Belfast Telegraph

Glentoran boss Patterson reflects on Oval reign

By Steven Beacom

One year ago Eddie Patterson became manager of Glentoran Football Club. What a turbulent time it has been since.

Every week there seems to be a story about Glentoran's perilous financial state.

If it's not tales of unpaid tax bills, it's players not getting their wages.

And nobody knows where it will end.

The worst case scenario is that the east Belfast club could go under.

All the while Patterson has had to try and get a committed, motivated team out on the pitch.

Eddie's former club Cliftonville look certainties to win the Irish League title and with that Solitude boss Tommy Breslin will rightly take the Manager of the Year honours, but Patterson deserves huge praise for what he has achieved at the Oval under such difficult circumstances.

The Glens, with Patterson's mix of youth and experience and his attractive playing style, are set to finish in the top six of the Irish League and are in the quarter-finals of the Irish Cup and Setanta Cup.

Before his surprise dismissal at Cliftonville in 2011, Patterson delivered much and in many ways set the foundations for the success the Reds are enjoying this season, but what he's been doing at Glentoran has arguably been even more impressive.

He has preferred to focus on the football side of things when interviewed, but today he speaks openly about the financial woes at the Oval and the impact they have had on him and the players, who earlier in the season opted not to train when, as has unfortunately been a regular occurrence, their wages weren't paid on time.

"The job definitely has not been what I expected," says Patterson.

"I didn't think the finances were as bad as they have turned out to be, but myself and the coaching staff have got our teeth into the job from a football perspective and we are really enjoying that and I have to say the players have been absolutely fantastic.

"They have been a joy to work with especially having to deal with not getting paid."

I ask as a manager how hard that is to deal with.

He pauses, then replies: "Basically when you are coming up to the end of every month, you are firefighting.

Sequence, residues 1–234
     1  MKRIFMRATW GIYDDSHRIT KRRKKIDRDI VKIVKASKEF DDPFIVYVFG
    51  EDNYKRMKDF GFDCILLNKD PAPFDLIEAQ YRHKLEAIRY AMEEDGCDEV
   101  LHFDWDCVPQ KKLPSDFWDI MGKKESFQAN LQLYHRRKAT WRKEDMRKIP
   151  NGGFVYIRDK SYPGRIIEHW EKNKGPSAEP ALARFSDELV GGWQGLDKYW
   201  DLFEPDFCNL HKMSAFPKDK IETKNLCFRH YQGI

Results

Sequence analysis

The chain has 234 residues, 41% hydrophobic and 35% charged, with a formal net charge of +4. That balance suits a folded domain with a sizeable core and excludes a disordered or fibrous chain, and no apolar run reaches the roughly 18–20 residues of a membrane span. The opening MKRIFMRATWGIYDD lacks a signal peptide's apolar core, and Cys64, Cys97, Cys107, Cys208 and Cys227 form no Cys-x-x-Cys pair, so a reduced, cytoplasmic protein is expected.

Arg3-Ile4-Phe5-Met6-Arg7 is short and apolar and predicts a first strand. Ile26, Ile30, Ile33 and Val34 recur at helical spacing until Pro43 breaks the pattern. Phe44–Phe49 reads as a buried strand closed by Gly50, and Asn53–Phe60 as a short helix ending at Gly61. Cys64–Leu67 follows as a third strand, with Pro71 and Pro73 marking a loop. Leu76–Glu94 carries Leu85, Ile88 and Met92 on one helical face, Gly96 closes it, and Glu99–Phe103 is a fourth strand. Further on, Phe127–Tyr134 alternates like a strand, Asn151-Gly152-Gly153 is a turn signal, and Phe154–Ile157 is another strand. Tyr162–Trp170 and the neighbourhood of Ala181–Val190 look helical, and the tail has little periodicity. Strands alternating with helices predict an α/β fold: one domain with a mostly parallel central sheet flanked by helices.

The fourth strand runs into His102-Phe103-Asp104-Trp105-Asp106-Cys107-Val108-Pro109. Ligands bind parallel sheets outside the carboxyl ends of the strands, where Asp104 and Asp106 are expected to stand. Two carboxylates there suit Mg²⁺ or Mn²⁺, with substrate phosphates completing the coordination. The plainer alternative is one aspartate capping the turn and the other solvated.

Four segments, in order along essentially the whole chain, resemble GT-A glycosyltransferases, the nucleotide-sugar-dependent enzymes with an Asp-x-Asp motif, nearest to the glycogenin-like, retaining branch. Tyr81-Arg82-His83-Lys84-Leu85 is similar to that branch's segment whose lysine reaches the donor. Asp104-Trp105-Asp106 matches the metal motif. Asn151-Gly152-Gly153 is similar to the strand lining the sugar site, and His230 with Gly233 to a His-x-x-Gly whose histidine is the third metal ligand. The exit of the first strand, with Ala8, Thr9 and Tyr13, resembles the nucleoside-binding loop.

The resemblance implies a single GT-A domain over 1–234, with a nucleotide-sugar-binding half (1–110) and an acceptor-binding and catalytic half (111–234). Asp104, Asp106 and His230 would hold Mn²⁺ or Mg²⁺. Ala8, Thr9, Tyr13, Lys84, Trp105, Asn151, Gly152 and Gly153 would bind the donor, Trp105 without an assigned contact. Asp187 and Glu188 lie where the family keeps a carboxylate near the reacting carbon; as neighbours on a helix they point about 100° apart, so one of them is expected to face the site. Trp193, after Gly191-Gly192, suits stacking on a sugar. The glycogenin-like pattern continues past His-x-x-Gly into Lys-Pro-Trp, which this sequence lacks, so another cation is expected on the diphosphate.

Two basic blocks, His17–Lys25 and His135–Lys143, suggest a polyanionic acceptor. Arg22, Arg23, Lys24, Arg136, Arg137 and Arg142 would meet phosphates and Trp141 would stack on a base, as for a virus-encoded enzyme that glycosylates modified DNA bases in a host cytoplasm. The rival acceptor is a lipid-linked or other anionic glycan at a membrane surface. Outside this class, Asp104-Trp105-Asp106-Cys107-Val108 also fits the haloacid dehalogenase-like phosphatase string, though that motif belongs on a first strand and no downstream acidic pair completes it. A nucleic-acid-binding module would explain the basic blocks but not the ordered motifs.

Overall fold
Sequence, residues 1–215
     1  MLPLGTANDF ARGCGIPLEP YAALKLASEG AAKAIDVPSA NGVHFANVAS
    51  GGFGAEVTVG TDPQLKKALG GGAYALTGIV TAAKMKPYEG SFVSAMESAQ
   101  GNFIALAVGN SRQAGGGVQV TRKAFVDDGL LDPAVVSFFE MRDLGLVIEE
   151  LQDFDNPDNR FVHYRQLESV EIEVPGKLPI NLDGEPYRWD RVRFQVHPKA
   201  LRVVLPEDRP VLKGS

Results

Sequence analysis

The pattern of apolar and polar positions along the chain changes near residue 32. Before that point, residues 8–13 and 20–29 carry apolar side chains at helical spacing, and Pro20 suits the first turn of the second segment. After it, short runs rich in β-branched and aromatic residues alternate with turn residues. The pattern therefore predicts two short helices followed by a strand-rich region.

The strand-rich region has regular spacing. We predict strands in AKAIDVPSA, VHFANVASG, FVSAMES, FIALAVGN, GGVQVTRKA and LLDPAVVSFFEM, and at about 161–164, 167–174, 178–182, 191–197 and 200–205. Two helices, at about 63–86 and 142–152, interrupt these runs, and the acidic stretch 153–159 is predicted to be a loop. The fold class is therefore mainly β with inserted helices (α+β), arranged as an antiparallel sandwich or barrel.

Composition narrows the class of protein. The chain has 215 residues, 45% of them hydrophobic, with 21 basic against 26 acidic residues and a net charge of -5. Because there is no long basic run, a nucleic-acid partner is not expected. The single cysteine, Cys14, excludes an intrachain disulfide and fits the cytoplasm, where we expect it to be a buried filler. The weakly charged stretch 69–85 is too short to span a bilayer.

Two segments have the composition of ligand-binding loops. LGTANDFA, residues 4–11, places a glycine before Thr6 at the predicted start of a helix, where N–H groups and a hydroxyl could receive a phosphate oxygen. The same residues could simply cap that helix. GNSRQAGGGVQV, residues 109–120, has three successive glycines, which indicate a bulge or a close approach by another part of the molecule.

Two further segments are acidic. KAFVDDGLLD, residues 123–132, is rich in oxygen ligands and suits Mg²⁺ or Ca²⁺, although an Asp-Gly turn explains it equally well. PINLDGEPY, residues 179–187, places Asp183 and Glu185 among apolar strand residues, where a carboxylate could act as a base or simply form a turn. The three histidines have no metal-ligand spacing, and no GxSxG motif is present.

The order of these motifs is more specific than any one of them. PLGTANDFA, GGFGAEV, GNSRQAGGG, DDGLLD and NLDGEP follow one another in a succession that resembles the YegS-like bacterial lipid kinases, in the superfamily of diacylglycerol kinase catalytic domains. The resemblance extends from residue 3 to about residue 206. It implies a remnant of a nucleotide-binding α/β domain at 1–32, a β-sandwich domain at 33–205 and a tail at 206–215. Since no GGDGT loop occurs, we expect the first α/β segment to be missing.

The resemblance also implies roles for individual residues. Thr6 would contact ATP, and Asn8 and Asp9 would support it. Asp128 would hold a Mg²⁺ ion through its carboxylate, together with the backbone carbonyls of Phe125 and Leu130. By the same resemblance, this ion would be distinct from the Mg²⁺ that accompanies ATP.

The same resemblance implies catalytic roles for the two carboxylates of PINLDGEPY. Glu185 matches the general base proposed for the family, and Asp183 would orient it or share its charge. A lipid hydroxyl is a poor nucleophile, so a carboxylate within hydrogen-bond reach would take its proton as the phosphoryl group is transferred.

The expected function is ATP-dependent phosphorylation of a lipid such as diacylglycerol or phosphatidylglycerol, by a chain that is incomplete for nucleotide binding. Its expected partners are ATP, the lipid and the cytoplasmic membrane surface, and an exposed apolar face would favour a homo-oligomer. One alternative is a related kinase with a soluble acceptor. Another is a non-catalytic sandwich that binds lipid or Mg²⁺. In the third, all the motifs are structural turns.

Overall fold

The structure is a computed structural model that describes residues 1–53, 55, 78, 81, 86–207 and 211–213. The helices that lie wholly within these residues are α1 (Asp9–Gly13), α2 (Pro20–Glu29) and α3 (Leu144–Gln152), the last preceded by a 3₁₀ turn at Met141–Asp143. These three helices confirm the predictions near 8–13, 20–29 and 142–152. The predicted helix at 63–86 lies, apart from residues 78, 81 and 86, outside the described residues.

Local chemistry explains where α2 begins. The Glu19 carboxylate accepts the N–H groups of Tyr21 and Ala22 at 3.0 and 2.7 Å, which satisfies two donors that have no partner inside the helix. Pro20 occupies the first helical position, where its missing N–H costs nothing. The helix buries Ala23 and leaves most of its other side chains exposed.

"You are trying to appease players and make training as enjoyable as possible and when it gets to the stage when the players are told their wages aren't coming in that's when your psychology just has to kick in.

"I'd say the hardest part of it has been dealing with the mental side of things because while the boys love their football that doesn't pay bills.

"That's why I stood by the players when they made the decision about not training, which only happened once.

"I know where the players are coming from.

"In our squad we have young students, whose only source of income comes from their football.

"They have to pay for their college and petrol expenses to get to training.

"It's the same for some of the senior players like Andy Waterworth and Stephen Carson because football is their only source of income.

"Also there are other players at the club who aren't working.

"When the situation about training cropped up I sat down with the coaching staff and we knew that we couldn't force players to train who could not afford to get to training."

It's worth noting that Patterson and his coaching staff have gone without wages too.

When the money does not roll in, Patterson's love for the game takes over.

He says he is in privileged position. Maybe it's Glentoran who are privileged to have him right now.

One year ago, Patterson signed a two and-a-half year deal.

Despite all that has happened in the past 12 months and the club's future still uncertain, the Oval boss, facing a massive cut in his budget for next season and the loss of several key players, says he wants to stay for a while longer so that he can finish the job he has started.

"I am committed, my only gripe now is that the financial situation has set us back.

"I got a two and-a-half year contract and at the end of this season there is a year to go and now I don't think we will fulfil what I wanted in that two and-a-half years," he says.

"If another contract was put in front of me I would sign it because I believe there is something happening at Glentoran Football Club."

Belfast Telegraph


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